As is common with all fields, market researchers have their fair share of terms of art. We took a moment to define ones we most often use, and hope you find this glossary of market research terms useful. Email firstname.lastname@example.org if you have any suggestions of terms to add.
A study that includes two respondents and one interviewer. This can be in person, virtually, or by telephone.
Focus Group (FG)
A round-table discussion with several respondents, led by a trained interviewer called a moderator.
Honoraria, Incentive, Payment
There are many ways that market research companies refer to payments made in exchange for time and expert opinions. At Reckner we tend use the words Honoraria or Incentive.
One-on-One Interview/In-depth Interview (IDI)
Individual in-person interviews: one respondent, one interviewer. Subject or issues are explored in great detail.
A survey panel is a collection of people who have agreed to receive invitations to market research studies. Researchers rely on market research companies to maintain a cohort of qualified and available respondents for studies. Reckner has one of the most respected and esteemed Healthcare Research Panels in the field.
Patient Chart Research
A health care professional reviews actual patient files, but anonymizes the data for either an online or telephone survey/interview. This methodology is useful for researchers as it is based on real-life cases, not hypothetical scenarios.
Obtains data through open-ended and conversational communications, often focusing on why people think what they think.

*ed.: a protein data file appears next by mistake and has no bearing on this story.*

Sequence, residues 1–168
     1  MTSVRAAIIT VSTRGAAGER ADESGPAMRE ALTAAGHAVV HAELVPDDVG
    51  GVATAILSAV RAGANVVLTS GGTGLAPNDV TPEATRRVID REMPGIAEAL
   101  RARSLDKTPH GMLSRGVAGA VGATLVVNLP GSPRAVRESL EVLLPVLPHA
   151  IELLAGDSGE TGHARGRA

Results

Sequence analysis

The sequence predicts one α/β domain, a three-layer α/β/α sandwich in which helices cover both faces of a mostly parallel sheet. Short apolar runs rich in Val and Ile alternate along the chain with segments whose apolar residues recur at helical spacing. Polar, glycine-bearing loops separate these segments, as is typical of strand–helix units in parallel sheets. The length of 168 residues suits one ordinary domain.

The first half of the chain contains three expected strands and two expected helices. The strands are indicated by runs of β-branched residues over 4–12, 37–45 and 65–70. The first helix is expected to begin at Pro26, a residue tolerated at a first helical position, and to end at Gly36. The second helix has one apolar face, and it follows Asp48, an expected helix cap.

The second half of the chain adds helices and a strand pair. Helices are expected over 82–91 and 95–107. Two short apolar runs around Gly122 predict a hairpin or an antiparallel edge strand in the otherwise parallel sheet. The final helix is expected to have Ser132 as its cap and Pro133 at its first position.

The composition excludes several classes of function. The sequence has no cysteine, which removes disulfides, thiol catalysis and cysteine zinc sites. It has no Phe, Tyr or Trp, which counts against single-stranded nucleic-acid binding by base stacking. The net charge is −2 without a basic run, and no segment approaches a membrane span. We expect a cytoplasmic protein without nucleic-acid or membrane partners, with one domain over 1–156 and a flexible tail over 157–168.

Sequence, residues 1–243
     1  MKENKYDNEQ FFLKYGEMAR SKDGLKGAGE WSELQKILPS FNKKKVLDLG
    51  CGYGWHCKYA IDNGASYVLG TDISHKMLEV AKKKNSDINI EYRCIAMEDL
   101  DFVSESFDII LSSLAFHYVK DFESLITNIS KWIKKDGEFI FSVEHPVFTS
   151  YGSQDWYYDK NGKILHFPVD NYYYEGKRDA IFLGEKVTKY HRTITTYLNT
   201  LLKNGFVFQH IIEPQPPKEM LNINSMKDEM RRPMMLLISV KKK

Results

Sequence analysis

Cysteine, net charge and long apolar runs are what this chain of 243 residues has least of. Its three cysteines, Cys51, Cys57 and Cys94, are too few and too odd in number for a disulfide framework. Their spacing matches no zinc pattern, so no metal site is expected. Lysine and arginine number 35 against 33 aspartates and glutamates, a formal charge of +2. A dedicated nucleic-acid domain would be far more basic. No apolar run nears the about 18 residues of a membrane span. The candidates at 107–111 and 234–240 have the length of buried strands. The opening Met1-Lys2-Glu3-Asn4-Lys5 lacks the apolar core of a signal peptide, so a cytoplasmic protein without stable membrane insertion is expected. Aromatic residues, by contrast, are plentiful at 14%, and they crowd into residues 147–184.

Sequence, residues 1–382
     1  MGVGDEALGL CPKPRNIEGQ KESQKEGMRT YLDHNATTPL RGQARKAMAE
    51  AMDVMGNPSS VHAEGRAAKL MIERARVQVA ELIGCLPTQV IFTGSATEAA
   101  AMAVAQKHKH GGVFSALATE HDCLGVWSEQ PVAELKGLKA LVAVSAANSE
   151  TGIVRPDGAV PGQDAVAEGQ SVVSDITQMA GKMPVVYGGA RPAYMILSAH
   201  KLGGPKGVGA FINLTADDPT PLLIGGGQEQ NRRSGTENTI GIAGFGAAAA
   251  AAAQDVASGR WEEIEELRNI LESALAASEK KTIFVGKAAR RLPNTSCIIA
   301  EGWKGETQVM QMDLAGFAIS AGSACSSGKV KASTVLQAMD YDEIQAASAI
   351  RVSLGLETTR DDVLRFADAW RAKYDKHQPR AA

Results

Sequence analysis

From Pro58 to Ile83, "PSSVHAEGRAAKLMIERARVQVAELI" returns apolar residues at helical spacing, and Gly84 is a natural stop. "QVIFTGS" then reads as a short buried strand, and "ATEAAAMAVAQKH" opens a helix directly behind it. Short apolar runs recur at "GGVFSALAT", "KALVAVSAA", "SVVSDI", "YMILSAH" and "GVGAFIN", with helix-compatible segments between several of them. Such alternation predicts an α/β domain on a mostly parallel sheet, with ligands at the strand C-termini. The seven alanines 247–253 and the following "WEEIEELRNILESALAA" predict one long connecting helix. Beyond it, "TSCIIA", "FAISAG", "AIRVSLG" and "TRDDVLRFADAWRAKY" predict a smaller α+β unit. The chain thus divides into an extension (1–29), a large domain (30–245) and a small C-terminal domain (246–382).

Involves the use of statistical and mathematical tools to derive results. It focuses on quantifying results of queries and seeks to understand how prevalent something is by looking for projectable results to a larger population.
Generally, before being accepted into a market research study, respondents are asked some questions, via a screener, to assure that the sample group includes all of the criteria a client is looking for. Some of these factors include geographic distribution, quotas of particular specialties, specific years of experience with a particular disease, or any number of factors deemed necessary to obtain the appropriate representative spread of respondents.
Teledepth Interviews (TLD or TDI)
The most common types of qualitative research. Conducted over the telephone.
Three respondents and one interviewer. In person, virtually, or by telephone.
A web-assisted telephone interview in which a respondent uses both a computer and telephone.
A virtual round table discussion, held over the web.